Data from a large study by Buttram and colleagues reported that of over 1,200 women undergoing myomectomy surgery for fibroid tumors, 27 percent complained of infertility and 3 percent had a history of miscarriage, but of these women, only 76 women had no other cause for their infertility. When these women underwent myomectomy to remove the fibroids, the conception rate was significantly improved and 40 percent of the women conceived, suggesting but not proving that the fibroids contributed to their infertility. Other more recent studies have reported pregnancy rates in the range of 35 to 60 percent following either abdominally or hysteroscopic (trans-vaginal) myomectomy.
As with any potential fertility factor, the age of the woman must be considered when evaluating results from myomectomy studies. For instance, Buttram's study reported decreased pregnancy rates following myomectomy when the patients were 36 years old or older. Likewise, the size of the uterus prior to surgery may predict the likelihood of success of the procedure. Women with very large fibroids and with uterine measurements greater than the size of a three-month pregnant uterus had a diminished chance of successful conception after myomectomy.
Location of the fibroid and impact of the fibroid (or fibroids) on the uterine cavity appear to be important factors. A 1995 study by Farhi and colleagues suggested that when the fibroid distorts the endometrial (uterine) lining, the chance that any one embryo will implant at the time of in vitro fertilization was reduced to about one third the implantation rate seen when women had fibroids that did not distort the cavity. In this group of women with non-distorting fibroids, the embryo implantation rate was the same as the women who were undergoing in vitro fertilization with no fibroids present.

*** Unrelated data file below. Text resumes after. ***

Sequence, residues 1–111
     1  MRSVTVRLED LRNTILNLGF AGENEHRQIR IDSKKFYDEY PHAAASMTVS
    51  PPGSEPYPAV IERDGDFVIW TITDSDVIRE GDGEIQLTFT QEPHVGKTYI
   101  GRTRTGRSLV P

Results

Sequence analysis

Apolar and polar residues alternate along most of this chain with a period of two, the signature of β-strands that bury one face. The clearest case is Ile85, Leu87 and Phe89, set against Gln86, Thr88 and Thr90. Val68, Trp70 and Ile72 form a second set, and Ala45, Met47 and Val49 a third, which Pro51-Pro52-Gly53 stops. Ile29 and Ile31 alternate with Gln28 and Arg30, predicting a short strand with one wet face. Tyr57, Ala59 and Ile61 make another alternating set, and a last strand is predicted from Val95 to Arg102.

If the fibroid tumor or tumors are very large, they may be felt on pelvic examination. Smaller fibroids may be difficult to diagnose on examination alone. Pelvic ultrasound is usually the best way to see a fibroid. In order to evaluate the potential effect on the uterine cavity, the ultrasound should be performed shortly before ovulation, when the endometrial lining is at its thickest and any fibroid within the cavity or impinging on the cavity may best be seen against the background of the pre-ovulatory endometrium. If a fibroid within the uterine cavity is suspected, it may be confirmed on hysterosonogram or hysteroscopy.